Russia may curb grain exports after all
Russia may impose grain export curbs after all to quell a rise in domestic prices of the grain, the country’s economy minister said, as Russia’s continued success in shipments continues to erode supplies.
Andrei Belousov, Russia’s economy minister, said it was “quite possible” that the government, which two years ago banned shipments altogether after dryness devastated grains production, would restrict exports of this year’s drought-hit crop.
The comments fostered a rise in prices of wheat, Russia’s main grain export, which stood 1.6% higher at $8.93 ¾ a bushel in Chicago at 10:10 UK time (04:10 Chicago time), while gaining 0.8% in Paris and 1.2% in London.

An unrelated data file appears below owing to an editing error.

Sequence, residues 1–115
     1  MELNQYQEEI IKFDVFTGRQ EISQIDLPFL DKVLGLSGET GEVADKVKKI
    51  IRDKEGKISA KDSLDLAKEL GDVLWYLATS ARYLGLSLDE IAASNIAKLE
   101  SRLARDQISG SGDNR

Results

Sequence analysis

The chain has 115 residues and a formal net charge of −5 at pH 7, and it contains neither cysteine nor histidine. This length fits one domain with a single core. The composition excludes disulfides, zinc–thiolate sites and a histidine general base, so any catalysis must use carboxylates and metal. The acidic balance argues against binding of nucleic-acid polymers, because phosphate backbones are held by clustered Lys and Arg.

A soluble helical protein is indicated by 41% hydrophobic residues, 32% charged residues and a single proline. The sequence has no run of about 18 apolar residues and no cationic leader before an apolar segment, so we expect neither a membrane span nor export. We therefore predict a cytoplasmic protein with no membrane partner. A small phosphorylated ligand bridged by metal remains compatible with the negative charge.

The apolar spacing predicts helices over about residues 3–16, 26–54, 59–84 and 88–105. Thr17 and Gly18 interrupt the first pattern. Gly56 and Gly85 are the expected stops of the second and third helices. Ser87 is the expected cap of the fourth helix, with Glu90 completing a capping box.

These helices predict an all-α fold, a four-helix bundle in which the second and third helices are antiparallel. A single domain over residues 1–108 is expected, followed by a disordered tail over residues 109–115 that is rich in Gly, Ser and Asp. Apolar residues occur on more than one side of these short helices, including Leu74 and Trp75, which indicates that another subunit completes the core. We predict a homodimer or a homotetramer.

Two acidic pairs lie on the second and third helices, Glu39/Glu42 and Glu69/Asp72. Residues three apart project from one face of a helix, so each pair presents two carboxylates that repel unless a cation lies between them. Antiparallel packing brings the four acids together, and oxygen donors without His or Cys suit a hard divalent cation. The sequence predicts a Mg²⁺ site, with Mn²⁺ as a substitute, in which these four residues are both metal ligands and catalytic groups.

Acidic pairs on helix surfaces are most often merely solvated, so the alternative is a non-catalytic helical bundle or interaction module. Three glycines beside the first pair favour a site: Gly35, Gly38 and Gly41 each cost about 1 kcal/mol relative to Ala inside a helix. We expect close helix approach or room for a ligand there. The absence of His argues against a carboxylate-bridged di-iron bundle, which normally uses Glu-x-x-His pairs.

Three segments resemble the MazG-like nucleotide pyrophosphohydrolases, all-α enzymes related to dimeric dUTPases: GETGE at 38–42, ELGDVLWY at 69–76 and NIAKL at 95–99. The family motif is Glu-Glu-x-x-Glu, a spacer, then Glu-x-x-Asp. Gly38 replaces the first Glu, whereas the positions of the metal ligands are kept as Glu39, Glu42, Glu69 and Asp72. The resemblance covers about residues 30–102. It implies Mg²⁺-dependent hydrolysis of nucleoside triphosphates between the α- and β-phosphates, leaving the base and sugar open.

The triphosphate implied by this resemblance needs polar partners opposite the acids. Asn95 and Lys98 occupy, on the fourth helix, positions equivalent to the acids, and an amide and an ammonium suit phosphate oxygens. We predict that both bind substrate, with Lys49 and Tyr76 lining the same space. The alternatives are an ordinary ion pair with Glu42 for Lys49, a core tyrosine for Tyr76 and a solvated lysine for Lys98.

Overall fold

And they appeared to put Mr Belusov on a collision course with Deputy Prime Minister Arkady Dvorkovich, who said at the end of August, after a meeting with farm ministers which eschewed trade curbs, that “we consider any export restrictions harmful.
“We will use the instruments we have – market interventions and information exchange with market participants.
“As long as I am in charge of this sector, I will be against any export restrictions.”
Separately on Friday, Mr Dvorkovich said that Russia did not plan to impose export curbs.